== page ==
The two-day event was designed to ‘improve our experience of community… by transforming public spaces and making them into special places.’
SEBASTOPOL, California — Participants in the ambitious 10-day First Annual Sebastopol Village Building Convergence (VBC) painted murals on streets in this small Northern California town and filled the Grange Hall, the Permaculture Skills Center, and other sites from September 12-21.
On the final day, a colorful, active parade marched from the weekly farmers’ market in the downtown plaza through a newly-painted street with murals of salmon, dogs, coyote tracks, a Spirit Bird, and other wildlife. Over 400 people, including many children, participated in that painting. One theme of the march was climate protection, coinciding with the People’s Climate March (PCM) in New York City and elsewhere around the planet on Sept. 21.
VBCs originated in Portland, Oregon, instigated by the group City Repair, which has hosted them for 14 years. They spread to over 50 places in the United States, including Olympia, Washington, Minnesota’s Twin Cities, and Asheville, North Carolina. VBCs have also happened in Canada, Brazil, India, and Australia. With fewer than 8,000 residents, Sebastopol — located in semi-rural Sonoma County — may be the smallest town to host a VBC. People came from throughout the San Francisco Bay Area and beyond for Sebastopol’s VBC.
An attractive 40-page program welcomed residents and visitors “to community generated, hands-on projects and celebrations.” It outlined numerous activities — placemaking, the daily Open Village, evening talks, a workshop by City Repair founder Mark Lakeman, concerts, yoga, a healing village, and film showings. The goals included to “improve our experience of community and make lasting improvements in our town by transforming public spaces and making them into special places.”
Among the hands-on projects that beautified the town were building a cob bus stop, cob oven, and bench from straw and clay.
Among the hands-on projects that beautified the town were building a cob bus stop, cob oven, and bench from straw and clay, a fence on one side of the Grange Hall, and gardening. Some of these ongoing efforts were begun before the 10 days and will continue after.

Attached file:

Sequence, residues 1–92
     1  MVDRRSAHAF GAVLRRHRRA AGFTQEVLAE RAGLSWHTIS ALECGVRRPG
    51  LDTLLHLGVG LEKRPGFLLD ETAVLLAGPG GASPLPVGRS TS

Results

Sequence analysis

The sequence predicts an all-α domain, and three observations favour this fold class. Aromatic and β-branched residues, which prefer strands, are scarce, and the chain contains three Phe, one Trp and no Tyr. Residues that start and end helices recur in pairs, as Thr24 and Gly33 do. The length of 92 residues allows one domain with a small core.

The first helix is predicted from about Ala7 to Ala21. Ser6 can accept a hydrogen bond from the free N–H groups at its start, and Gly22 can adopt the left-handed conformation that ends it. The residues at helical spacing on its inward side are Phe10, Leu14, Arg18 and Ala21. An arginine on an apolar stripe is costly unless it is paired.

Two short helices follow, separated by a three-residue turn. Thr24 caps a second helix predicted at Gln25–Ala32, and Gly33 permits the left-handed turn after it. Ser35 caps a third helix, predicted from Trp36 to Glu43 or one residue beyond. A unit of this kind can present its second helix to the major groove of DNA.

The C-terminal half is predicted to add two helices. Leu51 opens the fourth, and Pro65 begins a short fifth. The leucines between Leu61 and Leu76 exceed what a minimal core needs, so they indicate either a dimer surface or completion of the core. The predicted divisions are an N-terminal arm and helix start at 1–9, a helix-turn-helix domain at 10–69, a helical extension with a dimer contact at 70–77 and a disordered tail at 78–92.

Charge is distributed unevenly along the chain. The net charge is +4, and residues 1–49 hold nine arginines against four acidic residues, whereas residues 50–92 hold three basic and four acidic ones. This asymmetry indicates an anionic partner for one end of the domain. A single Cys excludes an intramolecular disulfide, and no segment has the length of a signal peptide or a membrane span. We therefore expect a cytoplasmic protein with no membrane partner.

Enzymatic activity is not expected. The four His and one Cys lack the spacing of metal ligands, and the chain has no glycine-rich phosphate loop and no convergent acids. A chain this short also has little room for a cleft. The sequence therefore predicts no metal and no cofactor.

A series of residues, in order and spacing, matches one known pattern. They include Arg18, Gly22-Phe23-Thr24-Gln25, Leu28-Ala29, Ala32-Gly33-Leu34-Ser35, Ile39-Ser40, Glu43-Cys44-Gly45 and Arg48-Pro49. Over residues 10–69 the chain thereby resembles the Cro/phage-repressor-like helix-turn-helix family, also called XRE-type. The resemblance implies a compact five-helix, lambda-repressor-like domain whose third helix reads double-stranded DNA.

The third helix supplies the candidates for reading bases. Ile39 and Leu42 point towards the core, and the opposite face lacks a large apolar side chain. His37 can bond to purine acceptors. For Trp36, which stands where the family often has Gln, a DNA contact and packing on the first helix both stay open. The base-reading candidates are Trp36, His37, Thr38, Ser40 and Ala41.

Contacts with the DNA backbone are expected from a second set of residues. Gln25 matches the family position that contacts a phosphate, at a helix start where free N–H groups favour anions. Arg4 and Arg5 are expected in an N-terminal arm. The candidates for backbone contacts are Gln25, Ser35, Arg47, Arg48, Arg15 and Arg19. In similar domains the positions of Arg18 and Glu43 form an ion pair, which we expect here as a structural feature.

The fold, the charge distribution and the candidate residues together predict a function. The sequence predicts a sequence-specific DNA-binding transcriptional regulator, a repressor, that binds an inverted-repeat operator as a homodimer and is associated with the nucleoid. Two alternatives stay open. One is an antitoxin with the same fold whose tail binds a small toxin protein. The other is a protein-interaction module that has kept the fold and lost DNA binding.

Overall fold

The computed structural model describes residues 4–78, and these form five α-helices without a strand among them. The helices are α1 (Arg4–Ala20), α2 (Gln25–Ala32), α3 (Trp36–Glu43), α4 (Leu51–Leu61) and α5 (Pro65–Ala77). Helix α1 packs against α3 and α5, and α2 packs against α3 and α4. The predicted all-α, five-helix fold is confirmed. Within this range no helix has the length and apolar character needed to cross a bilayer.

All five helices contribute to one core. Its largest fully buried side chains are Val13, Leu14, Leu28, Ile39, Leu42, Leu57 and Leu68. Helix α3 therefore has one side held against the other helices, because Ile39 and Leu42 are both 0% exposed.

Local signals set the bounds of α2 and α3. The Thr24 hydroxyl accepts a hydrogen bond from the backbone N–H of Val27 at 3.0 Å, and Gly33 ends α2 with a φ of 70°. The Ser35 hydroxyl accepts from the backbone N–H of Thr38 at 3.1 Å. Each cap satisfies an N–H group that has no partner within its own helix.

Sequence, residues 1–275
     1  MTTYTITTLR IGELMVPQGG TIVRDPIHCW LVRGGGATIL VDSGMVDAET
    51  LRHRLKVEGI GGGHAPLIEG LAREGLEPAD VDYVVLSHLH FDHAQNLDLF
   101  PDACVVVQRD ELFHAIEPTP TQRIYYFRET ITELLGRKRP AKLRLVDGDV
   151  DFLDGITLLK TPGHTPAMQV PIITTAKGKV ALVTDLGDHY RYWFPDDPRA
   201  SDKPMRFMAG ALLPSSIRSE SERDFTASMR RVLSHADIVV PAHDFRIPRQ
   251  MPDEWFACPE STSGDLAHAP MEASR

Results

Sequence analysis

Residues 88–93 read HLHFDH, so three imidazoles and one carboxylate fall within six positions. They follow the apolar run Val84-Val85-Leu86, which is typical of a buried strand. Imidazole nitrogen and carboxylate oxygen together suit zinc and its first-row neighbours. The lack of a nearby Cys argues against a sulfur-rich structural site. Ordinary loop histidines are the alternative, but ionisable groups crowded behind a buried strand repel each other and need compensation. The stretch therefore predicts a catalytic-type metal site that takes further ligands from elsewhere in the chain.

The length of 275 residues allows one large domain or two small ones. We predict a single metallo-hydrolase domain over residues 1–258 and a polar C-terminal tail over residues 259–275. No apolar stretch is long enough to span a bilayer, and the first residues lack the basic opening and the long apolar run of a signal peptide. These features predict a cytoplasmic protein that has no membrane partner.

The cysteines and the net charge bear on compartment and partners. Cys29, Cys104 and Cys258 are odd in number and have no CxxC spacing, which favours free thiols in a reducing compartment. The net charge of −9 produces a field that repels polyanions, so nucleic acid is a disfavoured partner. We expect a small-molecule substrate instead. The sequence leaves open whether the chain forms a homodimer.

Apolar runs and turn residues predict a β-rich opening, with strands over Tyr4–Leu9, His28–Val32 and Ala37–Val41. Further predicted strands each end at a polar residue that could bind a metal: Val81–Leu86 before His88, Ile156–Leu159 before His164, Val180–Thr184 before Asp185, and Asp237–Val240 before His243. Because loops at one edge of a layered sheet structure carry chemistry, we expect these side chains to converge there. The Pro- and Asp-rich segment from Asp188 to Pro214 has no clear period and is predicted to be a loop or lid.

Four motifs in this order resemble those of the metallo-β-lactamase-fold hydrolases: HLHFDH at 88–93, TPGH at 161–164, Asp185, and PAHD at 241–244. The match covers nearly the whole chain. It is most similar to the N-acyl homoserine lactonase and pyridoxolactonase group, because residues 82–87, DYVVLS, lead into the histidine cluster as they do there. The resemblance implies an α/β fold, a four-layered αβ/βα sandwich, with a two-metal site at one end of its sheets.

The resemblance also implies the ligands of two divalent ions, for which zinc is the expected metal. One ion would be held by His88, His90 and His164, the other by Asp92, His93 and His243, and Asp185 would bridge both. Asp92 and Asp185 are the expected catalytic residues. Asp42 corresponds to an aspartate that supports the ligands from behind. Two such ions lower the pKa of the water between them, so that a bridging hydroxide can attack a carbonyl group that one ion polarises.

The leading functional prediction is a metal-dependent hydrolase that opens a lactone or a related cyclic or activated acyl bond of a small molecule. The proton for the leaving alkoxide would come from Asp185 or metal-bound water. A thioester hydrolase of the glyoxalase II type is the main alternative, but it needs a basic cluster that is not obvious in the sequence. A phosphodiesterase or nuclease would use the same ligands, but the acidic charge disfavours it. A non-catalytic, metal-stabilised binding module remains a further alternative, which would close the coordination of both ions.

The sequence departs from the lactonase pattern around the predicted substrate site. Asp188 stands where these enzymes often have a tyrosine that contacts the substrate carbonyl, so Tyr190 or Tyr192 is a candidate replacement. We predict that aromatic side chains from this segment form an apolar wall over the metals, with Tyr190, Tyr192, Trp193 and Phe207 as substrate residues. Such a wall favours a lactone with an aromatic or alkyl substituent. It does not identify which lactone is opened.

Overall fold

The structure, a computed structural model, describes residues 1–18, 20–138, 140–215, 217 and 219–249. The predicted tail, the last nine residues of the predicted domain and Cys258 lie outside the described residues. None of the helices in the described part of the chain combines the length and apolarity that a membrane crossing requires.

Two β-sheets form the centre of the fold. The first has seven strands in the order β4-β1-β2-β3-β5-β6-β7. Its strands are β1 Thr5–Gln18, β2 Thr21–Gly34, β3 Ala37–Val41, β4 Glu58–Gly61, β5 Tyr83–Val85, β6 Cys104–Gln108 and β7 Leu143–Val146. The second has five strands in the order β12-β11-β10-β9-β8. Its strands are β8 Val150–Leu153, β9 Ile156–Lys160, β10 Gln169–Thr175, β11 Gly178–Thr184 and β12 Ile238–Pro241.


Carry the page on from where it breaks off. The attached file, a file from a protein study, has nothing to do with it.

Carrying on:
Reclaiming healthy food was among the themes. Participants dug, raked, weeded, and planted gardens. VBC collaborated with the Ceres Community Project, which engages teens in growing and cooking nourishing food for community members with serious illnesses.
On most afternoons, a large tent outside the Grange provided an Open Village with a clothing swap, bike repair station, and snacks, tea, wine, and beer. It offered a “Cross-Pollination Lounge,” where people were invited to “create the village you want to live in,” swap resources, host a conversation, partake of free seeds and books, or visit the kids corner.
Among the VBC’s many sponsors are the following: Transition Sebastopol, dedicated to “building community resilience”; Cittaslow Sebastopol, which indicates that the town qualifies as one of a growing number of “slow cities” around the globe; the Grange, an agriculture-based group which has existed for nearly 150 years, since the 1880s in Sebastopol; and The Barlow, a collection of local merchants along a street that was painted by volunteers.
“We chose to partner with the Village Builders because we loved the idea of engaging the community to create public art and participate in ‘placemaking,’” noted Cittaslow’s Tasha Beauchamp. “From our Eco-Tourism Open House we learned that it was a community priority to make a stronger connection between The Barlow and the downtown. The murals were a perfect way to take the Intersection Repair concept and apply it to create the bridge between the new and the old parts of our city.”
‘We gather to take responsibility for our times, to create positive change, to reclaim our commons.’
“We gather to take responsibility for our times, to create positive change, to reclaim our commons, to connect ourselves with our place,” declared Jeanna Collet at the VBC’s opening. The City Council had voted unanimously to co-sponsor the VBC. Vice-Mayor Patrick Slater attended the opening and the final evening of presentations. Other City Council members attended some of the many events.
Mayor Robert Jacob reported recently meeting in Portland with City Repair’s Lakeman, whom he invited to come to Sebastopol to meet with City officials. “What makes a community like Sebastopol unique is service,” Mayor Jacob declared on the final evening of presentations. “People continue to give of themselves.” He announced a new City Repair Ordinance that is almost complete, co-authored by City Council member and former mayor Sarah Gurney, who has been an active VBC supporter.
“We are planting seeds this year, such as projects and ideas,” said Sebastian Collet, an architect who returned home to Sebastopol after working on Portland’s VBC. He lives on a four-generation family compound on two acres in Sebastopol. “I’m glad that we’ve created a safe container where our one-year-old Obie can wonder around,” he noted on the VBC’s last day.
“We want people to think about the commons and who should decide about it,” Collet explained. “We want people to take ownership for common space and to dream up the world they want to live in. My intention is to build bridges. I love to build, including relationships with each other. I want to spark people’s imaginations.”